24. 24. Evaluating “Orthologue” Prediction • Works the same way as for all prediction tools 1. Define a “validation set” (gold standard), unseen by the prediction tool 2. Make predictions with the tool 3. Evaluate confusion matrix and performance statistics – Sensitivity – Specificity – Accuracy Standard: +ve -ve Predict +ve TP FP Predict -ve FN TN False positive rate FP/(FP+TN) False negative rate FN/(TP+FN) Sensitivity TP/(TP+FN) Specificity TN/(FP+TN) False discovery rate (FDR) FP/(FP+TP) Accuracy (TP+TN)/(TP+TN+FP+FN)
  25. 25. “Orthologue” Prediction Performance • Performance varies by choice of method and interpretation of “orthology” • Biggest influence is often annotation quality • Relative performance varies with benchmark choice • (clustering) RBH outperforms the more complex algorithms under many circumstances Wolf et al. (2012) Genome Biol. Evol. doi:10.1093/gbe/evs100 Salichos et al. (2011) PLoS One. doi:10.1371/journal.pone.0018755 Altenhoff & Dessimoz (2009) PLoS Comp. Biol. doi:10.1371/journal.pcbi.1000262 Trachana et al. (2011) Bioessays. doi:10.1002/bies.201100062
  26. 26. Back To Our Pba Questions • What are the gene complement similarities and differences between Pba and: • other enterobacteria? • other plant pathogens? • animal pathogens? • other environmental bacteria? • What is genomic evidence for pathogenicity determinants? • Do pathogenicity determinants show evidence of LGT? • Are there characteristic features of the Pba genome?
  27. 27. Pba Reciprocal Best Hits (RBH) • RBH not necessarily orthologues, but “equivalent” features • Compared to 64 completely sequenced bacterial genomes (most of those available at the time, also limited by computing power) • Limited matches to: >30% identity (above “twilight zone”) >80% coverage (exclude domain-only matches) best hit best hit best hit best hit 2nd best hit 2nd best hit ✔ ✘ best hit GS1n GS1n GS2n GS2n
  28. 28. Pba Reciprocal Best Hits (RBH) • Advantages: – quick – easy – performs surprisingly well • Disadvantages: – 1:1 matches miss paralogues – not good at identifying gene families or *-to- many relationships without more detailed analysis. – no strong theoretical/phylogenetic basis.
  29. 29. Pba Reciprocal Best Hits (RBH) • Most RBH with other enterobacteria (see pba_rbh.ipynb) • Pathogenicity factors also shared with plant-associated non- enterobacterial genomes
  30. 30. Functional Classification • Compare frequency of functional classifications in Pba and other organism classes (NOTE: annotation-dependent) • Test statistically for enrichment/overrepresentation • Many, many methods & programs for this (68 tools summarised in 2009 review) • Pba-specific: • Pathogenicity determinants • Phage/IS elements • Pba & non-enteric (LGT?) • Pathogenicity determinants • Surface proteins • Regulatory proteins Huang et al. (2009) Nucleic Acids Res. doi:10.1093/nar/gkn923.
  31. 31. Pba RBH Visualisation • 114,087 RBH between Pba and target bacteria too much to go through by hand/eye • Visualisation tools were essential (see pba_rbh.ipynb)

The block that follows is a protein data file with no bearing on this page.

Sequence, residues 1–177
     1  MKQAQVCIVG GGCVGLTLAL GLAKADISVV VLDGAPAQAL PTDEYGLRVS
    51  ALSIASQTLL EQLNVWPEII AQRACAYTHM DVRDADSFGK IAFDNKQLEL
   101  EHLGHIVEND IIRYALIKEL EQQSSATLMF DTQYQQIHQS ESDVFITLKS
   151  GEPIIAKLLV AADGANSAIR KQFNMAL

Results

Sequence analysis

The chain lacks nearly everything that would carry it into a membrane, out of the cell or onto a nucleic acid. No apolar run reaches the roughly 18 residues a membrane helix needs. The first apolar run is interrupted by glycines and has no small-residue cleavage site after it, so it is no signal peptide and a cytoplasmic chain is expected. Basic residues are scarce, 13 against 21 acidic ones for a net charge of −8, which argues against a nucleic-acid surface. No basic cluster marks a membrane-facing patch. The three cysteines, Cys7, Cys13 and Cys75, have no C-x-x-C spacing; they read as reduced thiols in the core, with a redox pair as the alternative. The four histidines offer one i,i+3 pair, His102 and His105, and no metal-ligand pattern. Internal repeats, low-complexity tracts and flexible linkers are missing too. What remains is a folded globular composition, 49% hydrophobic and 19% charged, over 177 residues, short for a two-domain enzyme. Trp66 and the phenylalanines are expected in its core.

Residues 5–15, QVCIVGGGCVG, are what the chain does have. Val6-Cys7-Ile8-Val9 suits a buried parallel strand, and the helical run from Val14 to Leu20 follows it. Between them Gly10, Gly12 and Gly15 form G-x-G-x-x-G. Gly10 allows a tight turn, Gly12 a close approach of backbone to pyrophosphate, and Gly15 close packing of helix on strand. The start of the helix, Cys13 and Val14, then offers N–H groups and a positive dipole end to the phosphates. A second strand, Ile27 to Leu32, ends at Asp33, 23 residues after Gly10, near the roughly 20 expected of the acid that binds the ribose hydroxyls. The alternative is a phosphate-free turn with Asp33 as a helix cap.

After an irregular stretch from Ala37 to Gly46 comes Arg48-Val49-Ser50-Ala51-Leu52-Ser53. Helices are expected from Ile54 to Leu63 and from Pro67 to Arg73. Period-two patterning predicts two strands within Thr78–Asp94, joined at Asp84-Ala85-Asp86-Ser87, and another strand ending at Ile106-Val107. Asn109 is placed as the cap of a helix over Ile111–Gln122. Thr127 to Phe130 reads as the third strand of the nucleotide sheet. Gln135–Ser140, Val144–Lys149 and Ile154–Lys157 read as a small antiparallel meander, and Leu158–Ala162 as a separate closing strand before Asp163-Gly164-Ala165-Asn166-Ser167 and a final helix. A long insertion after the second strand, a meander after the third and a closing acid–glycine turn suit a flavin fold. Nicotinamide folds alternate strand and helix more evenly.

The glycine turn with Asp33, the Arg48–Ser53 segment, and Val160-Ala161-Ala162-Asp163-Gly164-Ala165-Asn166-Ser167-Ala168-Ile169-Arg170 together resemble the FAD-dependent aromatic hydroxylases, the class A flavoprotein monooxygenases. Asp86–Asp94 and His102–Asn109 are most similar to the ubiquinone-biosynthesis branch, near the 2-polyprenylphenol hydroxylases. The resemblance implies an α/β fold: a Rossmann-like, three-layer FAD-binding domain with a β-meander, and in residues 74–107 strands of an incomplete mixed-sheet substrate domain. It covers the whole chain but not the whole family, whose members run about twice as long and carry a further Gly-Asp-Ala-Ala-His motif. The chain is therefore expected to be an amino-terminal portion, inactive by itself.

32. 32. GenomeDiagram • Comparative genomics visualisation package • Developed in 2003 for Pba sequencing, later incorporated into Biopython http://www.biopython.org Pritchard et al. (2006) Bioinformatics doi:10.1093/bioinformatics/btk021.
  33. 33. Visualising LGT in Pba • Looked for CDS where RBH sequence similarity doesn’t follow the taxonomic species tree, and GC% anomalies • Colour sequence similarity: more red = more similar
  34. 34. Pba LGT • Initially, 11 putative horizontally-acquired islands (HAIs) identified by atypical G+C, proximity of tRNA, etc. • Six further putative HAIs identified on the basis of RBH (may be more ancient acquisitions) • HAI8: Type III Secretion System, Pseudomonas syringae • HAI2: Phytotoxin (cfa) synthesis, P. syringae • HAI15: Adherence/agglutination, Vibrio spp. • HAI14: Nitrogen fixation, Bradyrhizobium spp.
  35. 35. Pba LGT: Plant-associated bacteria • 2006: Two years later, far more genomes (400) for comparison • Larger selection of plant- and animal-associated bacteria
  36. 36. Pba LGT: Plant-associated bacteria • Comparison against plant- (13) and animal-associated (14) bacteria • Plant-associated in centre • Animal-associated on outside • Red marks: greater similarity to plant-associated bacteria • HAI2: Phytotoxin • HAI15: Adherence • HAI14: Nitrogen fixation • HAI8: T3SS Toth et al. (2006) Ann. Rev. Phytopathol. doi:10.1146/annurev.phyto.44.070505.143444
  37. 37. Block et al. (2005) Mol. Plant Pathol. doi:10.1111/j.1364-3703.2004.00265.x. Toth et al. (2006) Ann. Rev. Phytopathol. doi:10.1146/annurev.phyto.44.070505.143444 SPI-7, Salmonella coronafacic acid: cfl, cfa7 Coronatine (P. syringae) interferes with jasmonate responses in host, as a jasmonate mimic Coronafacic acid – Pseudomonas syringae phytotoxin precursor (coronatine) - payload SPI-7 - Salmonella Typhi Pathogenicity island - delivery system SPI-7 and Coronafacic Acid